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Ethical issues in data collection - Bureaucratic approval

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Most placed in the world require some sort of official approval for research activities involving contact with human subjects. The World Medical Association Declaration of Helsinki outlines general principles of ethics in human research which are almost universally accepted. (Click here to see the latest Helsinki statement. To go to the website with World Health Organization recommendations, click here.) However, because specific regulations still differ substantially between countries and even between institutions, you must investigate the local regulations before embarking on data collection.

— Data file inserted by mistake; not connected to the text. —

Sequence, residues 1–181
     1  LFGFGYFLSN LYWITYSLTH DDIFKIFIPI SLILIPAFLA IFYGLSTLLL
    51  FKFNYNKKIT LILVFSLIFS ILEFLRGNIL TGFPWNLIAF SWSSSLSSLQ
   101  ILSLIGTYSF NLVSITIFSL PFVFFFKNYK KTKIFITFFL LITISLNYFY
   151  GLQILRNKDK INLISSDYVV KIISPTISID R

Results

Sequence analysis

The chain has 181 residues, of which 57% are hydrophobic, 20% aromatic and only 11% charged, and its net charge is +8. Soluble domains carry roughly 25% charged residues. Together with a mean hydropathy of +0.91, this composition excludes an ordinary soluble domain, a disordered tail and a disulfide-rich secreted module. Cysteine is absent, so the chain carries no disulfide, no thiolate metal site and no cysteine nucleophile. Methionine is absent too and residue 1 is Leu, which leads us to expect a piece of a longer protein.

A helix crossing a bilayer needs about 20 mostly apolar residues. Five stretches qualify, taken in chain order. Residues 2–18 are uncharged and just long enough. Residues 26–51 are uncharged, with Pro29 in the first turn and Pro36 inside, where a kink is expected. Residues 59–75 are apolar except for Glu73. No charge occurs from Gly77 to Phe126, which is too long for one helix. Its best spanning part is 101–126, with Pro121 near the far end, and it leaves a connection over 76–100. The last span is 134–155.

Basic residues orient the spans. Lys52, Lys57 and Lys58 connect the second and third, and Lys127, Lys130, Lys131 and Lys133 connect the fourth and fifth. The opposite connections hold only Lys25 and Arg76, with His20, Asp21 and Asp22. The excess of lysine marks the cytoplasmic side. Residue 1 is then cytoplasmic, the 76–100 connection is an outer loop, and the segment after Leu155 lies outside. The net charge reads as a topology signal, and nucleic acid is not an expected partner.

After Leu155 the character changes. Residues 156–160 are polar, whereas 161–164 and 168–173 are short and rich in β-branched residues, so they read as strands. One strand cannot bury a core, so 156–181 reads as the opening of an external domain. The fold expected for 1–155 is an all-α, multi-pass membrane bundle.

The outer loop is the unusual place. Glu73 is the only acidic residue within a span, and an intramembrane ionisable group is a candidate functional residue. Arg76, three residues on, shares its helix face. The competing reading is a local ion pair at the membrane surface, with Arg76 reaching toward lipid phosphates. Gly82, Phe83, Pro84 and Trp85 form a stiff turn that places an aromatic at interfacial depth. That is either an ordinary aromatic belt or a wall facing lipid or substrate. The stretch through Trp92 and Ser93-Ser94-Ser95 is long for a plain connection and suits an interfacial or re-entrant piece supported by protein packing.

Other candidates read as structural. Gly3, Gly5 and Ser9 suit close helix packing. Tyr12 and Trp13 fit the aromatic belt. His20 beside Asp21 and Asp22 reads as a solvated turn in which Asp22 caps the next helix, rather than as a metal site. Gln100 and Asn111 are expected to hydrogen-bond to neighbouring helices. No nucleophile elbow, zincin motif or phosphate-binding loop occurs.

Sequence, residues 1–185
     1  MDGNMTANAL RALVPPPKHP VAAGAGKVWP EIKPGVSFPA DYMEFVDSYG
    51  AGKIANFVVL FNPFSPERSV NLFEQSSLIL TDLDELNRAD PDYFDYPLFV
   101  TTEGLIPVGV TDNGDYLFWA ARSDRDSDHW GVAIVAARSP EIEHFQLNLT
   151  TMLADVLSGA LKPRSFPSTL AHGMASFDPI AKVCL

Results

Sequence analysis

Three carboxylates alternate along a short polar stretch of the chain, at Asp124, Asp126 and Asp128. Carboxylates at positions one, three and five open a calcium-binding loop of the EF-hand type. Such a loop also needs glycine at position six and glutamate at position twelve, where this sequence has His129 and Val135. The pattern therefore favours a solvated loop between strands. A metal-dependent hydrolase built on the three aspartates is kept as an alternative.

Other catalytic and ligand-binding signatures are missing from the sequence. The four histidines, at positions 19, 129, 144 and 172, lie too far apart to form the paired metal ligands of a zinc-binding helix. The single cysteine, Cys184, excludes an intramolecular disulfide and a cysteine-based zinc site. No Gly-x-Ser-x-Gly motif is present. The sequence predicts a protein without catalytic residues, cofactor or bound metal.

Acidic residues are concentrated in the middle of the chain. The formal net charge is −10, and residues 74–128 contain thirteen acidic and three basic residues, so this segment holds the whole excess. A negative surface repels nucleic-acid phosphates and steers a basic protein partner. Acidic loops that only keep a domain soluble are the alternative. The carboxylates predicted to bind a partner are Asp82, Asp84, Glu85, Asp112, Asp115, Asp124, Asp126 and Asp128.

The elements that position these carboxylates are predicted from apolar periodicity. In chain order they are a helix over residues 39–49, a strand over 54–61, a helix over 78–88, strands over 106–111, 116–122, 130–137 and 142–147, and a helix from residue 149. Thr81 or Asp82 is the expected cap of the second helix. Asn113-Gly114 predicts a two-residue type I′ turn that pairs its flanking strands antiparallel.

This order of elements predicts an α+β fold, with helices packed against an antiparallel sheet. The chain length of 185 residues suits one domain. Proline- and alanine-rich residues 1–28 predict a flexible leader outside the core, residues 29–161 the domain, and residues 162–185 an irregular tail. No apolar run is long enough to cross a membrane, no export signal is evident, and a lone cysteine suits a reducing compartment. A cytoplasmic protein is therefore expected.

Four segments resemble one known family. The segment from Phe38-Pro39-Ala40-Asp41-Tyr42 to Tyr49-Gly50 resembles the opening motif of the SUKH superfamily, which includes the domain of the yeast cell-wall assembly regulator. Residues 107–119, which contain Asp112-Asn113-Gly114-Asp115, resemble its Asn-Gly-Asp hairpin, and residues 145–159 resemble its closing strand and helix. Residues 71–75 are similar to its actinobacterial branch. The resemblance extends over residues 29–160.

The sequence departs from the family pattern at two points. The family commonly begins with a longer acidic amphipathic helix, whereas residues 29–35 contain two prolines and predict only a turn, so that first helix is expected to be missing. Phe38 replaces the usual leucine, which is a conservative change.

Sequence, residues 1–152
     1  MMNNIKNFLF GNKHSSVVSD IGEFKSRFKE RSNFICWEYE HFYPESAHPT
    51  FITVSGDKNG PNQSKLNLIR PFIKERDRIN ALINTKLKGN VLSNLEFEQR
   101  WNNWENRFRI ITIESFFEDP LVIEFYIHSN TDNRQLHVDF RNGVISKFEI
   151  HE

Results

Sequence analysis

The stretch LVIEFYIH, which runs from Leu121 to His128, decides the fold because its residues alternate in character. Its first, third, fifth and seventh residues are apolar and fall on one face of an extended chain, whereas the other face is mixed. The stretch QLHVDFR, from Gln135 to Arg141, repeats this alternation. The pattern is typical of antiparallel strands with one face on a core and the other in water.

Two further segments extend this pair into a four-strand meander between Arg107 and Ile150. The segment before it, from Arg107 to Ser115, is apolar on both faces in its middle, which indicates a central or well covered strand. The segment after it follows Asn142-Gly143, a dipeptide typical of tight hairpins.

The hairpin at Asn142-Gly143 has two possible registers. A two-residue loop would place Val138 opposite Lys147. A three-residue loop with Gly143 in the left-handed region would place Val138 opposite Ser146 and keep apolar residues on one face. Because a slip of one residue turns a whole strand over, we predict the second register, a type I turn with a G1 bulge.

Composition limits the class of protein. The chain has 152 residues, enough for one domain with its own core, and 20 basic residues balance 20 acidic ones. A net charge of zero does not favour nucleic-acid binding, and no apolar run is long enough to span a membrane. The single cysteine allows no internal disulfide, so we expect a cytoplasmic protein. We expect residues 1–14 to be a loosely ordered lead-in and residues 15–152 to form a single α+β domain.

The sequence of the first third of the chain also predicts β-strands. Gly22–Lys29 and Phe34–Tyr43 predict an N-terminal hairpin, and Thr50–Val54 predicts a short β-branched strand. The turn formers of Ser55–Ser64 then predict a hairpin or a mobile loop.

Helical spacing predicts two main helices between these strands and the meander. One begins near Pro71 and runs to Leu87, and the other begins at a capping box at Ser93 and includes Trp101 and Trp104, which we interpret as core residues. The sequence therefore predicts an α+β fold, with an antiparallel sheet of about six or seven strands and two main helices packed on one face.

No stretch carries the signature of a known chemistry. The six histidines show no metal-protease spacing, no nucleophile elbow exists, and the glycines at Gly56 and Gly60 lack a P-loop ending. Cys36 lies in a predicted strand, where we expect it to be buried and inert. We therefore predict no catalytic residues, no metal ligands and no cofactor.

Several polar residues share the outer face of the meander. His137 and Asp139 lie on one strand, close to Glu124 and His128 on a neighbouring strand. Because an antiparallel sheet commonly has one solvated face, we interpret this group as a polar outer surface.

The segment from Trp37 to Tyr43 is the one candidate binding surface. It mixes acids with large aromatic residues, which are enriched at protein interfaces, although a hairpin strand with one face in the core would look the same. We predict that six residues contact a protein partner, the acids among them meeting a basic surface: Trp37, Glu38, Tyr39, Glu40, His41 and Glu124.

Moreover, because many emergency-affected populations are at least partially dependent on outside aid for the basic necessities of life, and the groups providing this aid are often those sponsoring or carrying out research, these populations are considered more vulnerable to research coercion than other more independent populations. In the late 1990s, the Advisory Group on Research in Emergencies formulated recommendations for addressing the ethical issues of research in such populations. (Click here to see the report from the second meeting and here to see the report of the third meeting.)

Not all data collections from human subjects require formal ethical review. Generally, most public health activities are exempt because they are program evaluations or initial population assessments and are not designed to add to the general body of scientific knowledge, but this needs to be confirmed in each locality. If formal ethical review is necessary, the process needs to be started early, as final approval may take many months to obtain.